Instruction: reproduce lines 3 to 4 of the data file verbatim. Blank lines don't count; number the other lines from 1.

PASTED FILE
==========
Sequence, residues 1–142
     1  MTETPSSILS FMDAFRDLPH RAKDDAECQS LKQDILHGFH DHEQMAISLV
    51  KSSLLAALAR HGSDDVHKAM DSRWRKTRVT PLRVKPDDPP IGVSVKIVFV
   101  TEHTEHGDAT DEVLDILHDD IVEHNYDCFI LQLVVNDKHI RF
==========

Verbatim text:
    51  KSSLLAALAR HGSDDVHKAM DSRWRKTRVT PLRVKPDDPP IGVSVKIVFV
   101  TEHTEHGDAT DEVLDILHDD IVEHNYDCFI LQLVVNDKHI RF